Muse Mixes It Up With The 2nd Law
by: Katie Grimmer
October 3, 2012
Muse is best known for many things in their musical career. In the beginning they were known for being the poor-man’s Radiohead (which is incredibly false). More recently they are known for each album sounding completely unique from the former ones.
In their recent sixth studio album, The 2nd Law, each song is individual. The album seems to be influenced by an eclectic, if not unexpected, mix of Stevie Wonder, Skrillex and (of course) Queen. Matt Bellamy, lead vocals and guitarist, once again wrote all but two of the songs.
The 2nd Law refers to the second law of thermodynamics,
“All natural and technological processes proceed in such a way that the availability of the remaining energy decreases. In all energy exchanges, if no energy enters or leaves an isolated system, the entropy of that system increases. Energy continuously flows from being concentrated, to becoming dispersed, spread out, wasted and useless. New energy cannot be created and high-grade energy is being destroyed. An economy based on endless growth is unsustainable.”
The first single, “Survival,” was chosen to be the Official Song of the 2012 Summer Olympics and it is one of the stronger tracks on the record. A 58 second “Prelude” plays right before the Queen-esque song begins, resembling “Knights of Cydonia” with the operatic vocals and strong guitar solo.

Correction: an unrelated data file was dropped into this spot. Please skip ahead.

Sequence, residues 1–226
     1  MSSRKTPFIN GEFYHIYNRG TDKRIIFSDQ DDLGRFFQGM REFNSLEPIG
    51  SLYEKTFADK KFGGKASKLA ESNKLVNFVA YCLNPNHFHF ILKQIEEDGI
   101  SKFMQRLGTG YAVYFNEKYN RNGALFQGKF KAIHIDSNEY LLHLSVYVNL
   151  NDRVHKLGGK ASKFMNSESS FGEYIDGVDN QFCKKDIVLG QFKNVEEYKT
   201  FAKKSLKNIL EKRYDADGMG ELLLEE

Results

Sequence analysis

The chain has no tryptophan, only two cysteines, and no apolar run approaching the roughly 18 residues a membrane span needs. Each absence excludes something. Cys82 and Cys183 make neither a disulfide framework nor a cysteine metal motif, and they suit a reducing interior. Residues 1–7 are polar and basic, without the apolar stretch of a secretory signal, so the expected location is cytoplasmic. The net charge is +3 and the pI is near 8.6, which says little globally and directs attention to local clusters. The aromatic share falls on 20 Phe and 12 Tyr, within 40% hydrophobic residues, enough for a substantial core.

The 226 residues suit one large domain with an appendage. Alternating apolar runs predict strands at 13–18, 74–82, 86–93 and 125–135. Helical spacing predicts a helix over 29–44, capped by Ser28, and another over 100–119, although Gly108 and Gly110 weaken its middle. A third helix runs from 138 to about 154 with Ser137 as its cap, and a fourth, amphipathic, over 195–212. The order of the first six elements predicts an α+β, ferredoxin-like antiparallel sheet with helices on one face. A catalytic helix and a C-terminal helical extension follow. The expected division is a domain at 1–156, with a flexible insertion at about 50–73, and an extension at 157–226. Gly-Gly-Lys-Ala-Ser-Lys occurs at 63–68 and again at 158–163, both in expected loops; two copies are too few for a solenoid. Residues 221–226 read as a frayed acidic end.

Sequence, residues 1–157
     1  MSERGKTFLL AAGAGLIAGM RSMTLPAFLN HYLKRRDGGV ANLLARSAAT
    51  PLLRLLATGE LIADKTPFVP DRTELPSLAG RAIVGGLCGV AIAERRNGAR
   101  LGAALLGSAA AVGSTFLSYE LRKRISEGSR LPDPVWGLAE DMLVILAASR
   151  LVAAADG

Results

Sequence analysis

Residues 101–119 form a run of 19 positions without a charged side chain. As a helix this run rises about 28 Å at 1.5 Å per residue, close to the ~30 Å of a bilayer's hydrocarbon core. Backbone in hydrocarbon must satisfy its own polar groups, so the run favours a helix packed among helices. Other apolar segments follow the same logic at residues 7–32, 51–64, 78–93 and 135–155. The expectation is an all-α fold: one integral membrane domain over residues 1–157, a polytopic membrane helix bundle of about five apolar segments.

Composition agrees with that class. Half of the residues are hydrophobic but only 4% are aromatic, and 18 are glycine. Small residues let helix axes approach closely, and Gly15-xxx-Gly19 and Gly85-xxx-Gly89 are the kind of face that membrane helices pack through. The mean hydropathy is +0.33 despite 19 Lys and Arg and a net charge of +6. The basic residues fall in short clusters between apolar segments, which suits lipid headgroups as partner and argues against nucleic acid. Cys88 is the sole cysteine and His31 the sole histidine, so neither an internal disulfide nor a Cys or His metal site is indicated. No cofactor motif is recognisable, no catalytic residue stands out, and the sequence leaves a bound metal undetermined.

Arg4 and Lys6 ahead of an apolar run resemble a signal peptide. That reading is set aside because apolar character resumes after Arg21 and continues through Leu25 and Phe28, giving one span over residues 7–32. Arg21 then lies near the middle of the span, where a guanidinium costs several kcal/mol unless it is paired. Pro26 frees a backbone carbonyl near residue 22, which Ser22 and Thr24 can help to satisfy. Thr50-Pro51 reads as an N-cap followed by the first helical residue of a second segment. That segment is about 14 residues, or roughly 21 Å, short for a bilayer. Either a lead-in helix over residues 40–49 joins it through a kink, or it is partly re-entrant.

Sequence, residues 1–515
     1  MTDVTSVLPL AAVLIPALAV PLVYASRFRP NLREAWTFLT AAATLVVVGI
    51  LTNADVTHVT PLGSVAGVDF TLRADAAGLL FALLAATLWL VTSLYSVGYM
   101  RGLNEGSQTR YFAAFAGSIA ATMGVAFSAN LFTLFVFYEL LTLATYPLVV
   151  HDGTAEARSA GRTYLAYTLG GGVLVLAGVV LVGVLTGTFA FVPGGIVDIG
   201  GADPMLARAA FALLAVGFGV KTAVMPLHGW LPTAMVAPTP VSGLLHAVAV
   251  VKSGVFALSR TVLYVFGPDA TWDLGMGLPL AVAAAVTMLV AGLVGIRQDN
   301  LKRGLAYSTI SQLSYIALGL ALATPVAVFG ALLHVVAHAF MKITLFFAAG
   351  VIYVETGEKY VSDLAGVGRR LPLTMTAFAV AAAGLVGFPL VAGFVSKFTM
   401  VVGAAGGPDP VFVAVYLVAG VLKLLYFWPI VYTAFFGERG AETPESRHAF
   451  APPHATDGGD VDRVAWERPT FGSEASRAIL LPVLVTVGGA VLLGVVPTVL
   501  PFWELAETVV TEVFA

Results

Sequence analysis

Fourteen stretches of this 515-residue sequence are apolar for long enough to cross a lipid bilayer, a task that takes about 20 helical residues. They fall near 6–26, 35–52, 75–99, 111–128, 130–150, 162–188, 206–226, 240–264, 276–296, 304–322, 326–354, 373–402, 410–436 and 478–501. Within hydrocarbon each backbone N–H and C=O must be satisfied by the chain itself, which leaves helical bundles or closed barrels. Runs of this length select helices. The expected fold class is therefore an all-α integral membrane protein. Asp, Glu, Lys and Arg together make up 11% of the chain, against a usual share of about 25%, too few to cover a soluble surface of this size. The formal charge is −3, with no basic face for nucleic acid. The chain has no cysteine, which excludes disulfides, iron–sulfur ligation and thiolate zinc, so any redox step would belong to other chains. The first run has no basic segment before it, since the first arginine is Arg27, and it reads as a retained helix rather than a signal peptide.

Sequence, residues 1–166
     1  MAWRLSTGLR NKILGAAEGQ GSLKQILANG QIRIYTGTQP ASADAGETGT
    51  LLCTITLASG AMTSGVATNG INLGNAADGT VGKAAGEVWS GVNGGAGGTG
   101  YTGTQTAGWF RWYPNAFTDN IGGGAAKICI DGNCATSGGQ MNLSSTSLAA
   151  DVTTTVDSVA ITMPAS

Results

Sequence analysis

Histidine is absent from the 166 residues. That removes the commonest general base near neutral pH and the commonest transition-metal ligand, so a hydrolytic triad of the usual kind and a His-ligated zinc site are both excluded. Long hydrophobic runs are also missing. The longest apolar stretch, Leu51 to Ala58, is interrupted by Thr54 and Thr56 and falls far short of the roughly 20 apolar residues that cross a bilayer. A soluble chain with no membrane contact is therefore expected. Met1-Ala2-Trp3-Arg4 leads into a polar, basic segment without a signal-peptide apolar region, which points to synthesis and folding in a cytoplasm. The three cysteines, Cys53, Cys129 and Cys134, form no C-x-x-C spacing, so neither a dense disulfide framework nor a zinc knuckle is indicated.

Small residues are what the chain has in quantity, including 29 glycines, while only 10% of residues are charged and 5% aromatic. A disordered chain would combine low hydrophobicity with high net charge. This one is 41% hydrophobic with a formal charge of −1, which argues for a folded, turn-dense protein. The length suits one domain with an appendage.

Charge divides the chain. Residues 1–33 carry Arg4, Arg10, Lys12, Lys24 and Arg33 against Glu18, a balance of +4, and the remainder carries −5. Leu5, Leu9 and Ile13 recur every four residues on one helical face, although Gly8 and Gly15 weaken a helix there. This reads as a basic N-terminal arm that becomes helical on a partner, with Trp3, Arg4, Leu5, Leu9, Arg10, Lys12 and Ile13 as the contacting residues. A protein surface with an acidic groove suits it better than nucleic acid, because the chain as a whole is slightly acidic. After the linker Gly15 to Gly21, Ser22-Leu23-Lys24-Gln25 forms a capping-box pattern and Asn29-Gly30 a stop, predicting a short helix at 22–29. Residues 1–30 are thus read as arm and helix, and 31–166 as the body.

“Panic Station,” supposedly their next single, is influenced by funk rock. It mixes the best 70s music with the worst 90s music, but in the strange Bellamy-style, it works.
This is the first time bassist Chris Wolstenholme has written and performed the lead vocals for the two songs, “Save Me” and “Liquid State.” Unfortunately “Liquid State” is one of the weaker tracks on the album, maintaining a grunge-rock sound that the band can’t seem to pull off.
Similar to The Resistance, the last two songs on The 2nd Law more or less blend into each other. “The 2nd Law: Unsustainable” and “The 2nd Law: Isolated System” mix dubstep and piano solos with the aforementioned definition of the second law and broadcast clips.
The best tracks on the album include “Prelude” with “Survival,” “Follow Me” — which was written about Bellamy’s newborn son, Bingham Bellamy — and “Animal.” The tracks that seem to be lacking a special Muse quality are “Explorers” and “Big Freeze.”
There may be Muse fans who are disappointed by The 2nd Law. But this is what Muse does: they experiment with their music and get it right (practically) every time.